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While less common in today’s diet, organ meats are traditional foods that were commonly eaten in ancestral diets. They are nutrient-dense and offer numerous health benefits. It’s natural to be a little scared of consuming offal, as organ meats are known, but working them into your diet can be simple and tasty.
What Are Organ Meats & Where To Find Them
Organ meats include the liver, heart, tongue, kidneys, and others. While this may seem jarring if you’re not used to considering the idea of eating offal, the practice has been used in Traditional Chinese Medicine and ancestral diets for thousands of years.
Liver, for example, is chock full of nutrients that support our own liver health. While some are concerned that eating liver, for example, means you’d also consume the toxins that the liver was filtering in the animal, the bottom line is that livers in humans and animals don’t store toxins. They enable the body to get rid of them. To do this, they need enormous amounts of vitamins and minerals. The livers of beef, chicken, and other animals retain these important nutrients.
Organ meats are often discarded by butchers because they are not popular. Liver is probably the most commonly consumed type of offal, but there are many types available. You may not be able to find organ meats on the shelves of a local supermarket, but checking with local butchers or farmers may result in high-quality offal for an affordable price.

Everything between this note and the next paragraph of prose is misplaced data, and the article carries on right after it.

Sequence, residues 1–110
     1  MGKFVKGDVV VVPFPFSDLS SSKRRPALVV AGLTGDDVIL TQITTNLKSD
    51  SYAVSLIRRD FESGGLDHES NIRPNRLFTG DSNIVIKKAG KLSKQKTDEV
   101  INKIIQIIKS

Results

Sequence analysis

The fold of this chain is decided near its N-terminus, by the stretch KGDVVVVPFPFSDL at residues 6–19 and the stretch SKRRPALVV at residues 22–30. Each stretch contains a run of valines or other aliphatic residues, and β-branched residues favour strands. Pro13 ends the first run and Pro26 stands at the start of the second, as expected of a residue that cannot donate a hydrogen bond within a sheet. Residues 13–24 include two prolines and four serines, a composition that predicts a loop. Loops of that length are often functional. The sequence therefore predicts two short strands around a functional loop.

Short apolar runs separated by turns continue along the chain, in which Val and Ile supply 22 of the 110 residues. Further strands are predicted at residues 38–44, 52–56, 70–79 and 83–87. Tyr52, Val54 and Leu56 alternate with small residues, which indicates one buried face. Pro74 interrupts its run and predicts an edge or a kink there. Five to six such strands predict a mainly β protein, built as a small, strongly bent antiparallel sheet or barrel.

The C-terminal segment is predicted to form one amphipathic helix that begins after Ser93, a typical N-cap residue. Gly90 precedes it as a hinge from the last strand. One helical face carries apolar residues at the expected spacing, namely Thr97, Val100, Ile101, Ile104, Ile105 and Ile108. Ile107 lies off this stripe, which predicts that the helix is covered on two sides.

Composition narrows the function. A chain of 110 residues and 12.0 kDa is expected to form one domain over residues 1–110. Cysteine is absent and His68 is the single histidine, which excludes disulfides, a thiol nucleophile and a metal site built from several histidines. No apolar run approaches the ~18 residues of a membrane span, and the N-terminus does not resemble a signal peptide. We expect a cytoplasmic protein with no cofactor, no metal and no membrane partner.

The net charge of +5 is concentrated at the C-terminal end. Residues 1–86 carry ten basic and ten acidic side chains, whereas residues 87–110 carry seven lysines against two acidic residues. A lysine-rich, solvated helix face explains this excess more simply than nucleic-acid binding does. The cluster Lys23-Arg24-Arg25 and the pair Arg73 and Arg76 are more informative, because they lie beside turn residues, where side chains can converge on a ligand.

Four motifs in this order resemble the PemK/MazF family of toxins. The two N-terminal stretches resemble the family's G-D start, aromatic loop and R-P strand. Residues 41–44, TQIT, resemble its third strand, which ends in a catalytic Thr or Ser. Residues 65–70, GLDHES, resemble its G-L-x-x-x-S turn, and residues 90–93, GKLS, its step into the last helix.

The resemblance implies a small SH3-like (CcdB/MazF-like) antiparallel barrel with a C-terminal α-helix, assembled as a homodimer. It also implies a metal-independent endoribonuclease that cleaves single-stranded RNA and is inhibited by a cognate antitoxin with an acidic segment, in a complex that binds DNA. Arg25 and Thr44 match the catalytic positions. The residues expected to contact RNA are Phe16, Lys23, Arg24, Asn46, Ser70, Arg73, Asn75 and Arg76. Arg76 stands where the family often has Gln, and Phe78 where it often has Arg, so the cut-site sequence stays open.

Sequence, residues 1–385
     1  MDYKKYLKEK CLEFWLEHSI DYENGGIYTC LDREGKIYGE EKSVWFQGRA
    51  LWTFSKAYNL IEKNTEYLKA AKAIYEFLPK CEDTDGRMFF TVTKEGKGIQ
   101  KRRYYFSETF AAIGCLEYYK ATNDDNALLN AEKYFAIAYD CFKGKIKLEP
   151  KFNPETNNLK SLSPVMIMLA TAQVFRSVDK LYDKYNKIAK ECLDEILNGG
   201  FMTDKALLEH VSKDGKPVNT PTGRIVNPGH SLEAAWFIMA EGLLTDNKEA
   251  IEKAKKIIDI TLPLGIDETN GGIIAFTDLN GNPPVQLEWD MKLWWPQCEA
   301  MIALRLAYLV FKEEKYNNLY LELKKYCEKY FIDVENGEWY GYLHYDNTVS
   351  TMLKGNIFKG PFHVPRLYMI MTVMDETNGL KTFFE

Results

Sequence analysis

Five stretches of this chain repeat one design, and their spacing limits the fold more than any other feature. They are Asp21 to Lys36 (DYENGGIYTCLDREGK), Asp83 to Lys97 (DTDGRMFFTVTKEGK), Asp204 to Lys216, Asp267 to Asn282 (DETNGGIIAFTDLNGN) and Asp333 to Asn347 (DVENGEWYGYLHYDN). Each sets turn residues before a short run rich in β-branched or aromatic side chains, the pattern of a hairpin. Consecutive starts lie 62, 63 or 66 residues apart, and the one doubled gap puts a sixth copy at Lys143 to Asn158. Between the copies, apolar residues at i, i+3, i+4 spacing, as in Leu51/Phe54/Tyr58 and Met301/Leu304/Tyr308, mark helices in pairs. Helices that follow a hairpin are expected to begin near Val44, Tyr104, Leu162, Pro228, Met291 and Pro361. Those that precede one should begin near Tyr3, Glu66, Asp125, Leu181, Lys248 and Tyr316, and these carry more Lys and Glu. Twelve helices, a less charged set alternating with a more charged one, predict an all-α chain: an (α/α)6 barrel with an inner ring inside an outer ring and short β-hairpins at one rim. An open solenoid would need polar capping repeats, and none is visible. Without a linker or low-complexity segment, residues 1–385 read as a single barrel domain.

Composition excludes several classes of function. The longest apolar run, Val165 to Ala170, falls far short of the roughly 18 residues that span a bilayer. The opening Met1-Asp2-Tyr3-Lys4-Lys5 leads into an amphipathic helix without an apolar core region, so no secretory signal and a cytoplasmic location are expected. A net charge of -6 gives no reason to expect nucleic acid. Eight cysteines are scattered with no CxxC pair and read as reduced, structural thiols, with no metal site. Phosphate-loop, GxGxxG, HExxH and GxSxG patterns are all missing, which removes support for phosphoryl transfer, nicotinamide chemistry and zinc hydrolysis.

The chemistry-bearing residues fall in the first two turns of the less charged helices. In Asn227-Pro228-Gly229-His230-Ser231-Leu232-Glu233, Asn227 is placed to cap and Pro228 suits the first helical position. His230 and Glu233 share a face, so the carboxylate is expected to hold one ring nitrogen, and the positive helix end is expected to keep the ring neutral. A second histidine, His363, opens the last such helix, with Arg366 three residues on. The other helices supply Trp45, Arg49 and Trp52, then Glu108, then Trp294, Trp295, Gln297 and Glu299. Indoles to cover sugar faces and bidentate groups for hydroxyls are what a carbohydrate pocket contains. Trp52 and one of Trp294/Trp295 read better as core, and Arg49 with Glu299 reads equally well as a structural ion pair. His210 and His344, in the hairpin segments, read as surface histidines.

Why Should You Eat Organ Meats?
Animal organ meats are rich in vitamins and minerals, including:
- Vitamin A
- Vitamin B6
- Vitamin B12
- Pantothenic acid
Liver provides a massive amount of true preformed vitamin A, an important antioxidant for your own liver and cellular function. Vitamin A also promotes healthy immune function.
Offal is also rich in many B vitamins, which are important for energy, neurological function, and supporting healthy stress levels in the body thanks to their influence on neurotransmitters and methylation.
Traditionally, organ meats were considered to be nature’s version of prenatal vitamins. They were especially valued for pregnant women in many traditional cultures who knew that nourishing a baby in utero was essential for the child’s lifelong health.
How to Eat Offal
You don’t have to consume organ meats on their own. Consider combining ground liver with ground beef for a nutrient-dense burger, or add to meatloaf or soup. Chicken liver has a milder flavor and can be prepared as a delicious pâté. Other organ meats can often be roasted or slow-cooked with muscle meats. The flavor profile will then be familiar while offering an easier way to try new organ meats and integrate them into your diet.
If you have children who are picky eaters, don’t make a big deal about adding offal to their plate. Work it into dishes in subtle ways and make adjustments as needed to cooking methods, amounts, and types of organ meats used. (A note of caution: you can get too much vitamin A from animal sources, especially if you’re pregnant. The tolerable upper limit of retinol for most adults is 3,000 mcg per day. Three ounces of cooked beef liver contain 6,582 micrograms of retinol. Eating liver every day could result in toxicity, especially if you’re taking any supplements that also contain retinol. Vitamin A sourced from beta-carotene is different. Work with a nutrition professional to determine the best and safest liver and vitamin A intake for your meal plan.)
Today’s Simple Step
If you’ve never tried offal before, take some pasture-raised chicken liver and slow cook or roast it with your favorite cut of chicken. Then, serve together. The same principle applies to beef liver or any other organ meats. You can also try the recipe below for a tried-and-true offal recipe that is rich in nutrients.
This Brandied Bacon and Chicken Liver Pâté is a great introductory recipe for eating organ meats. Plus, it makes a wonderful protein-rich snack that pairs well with your favorite sourdough bread or sliced vegetables.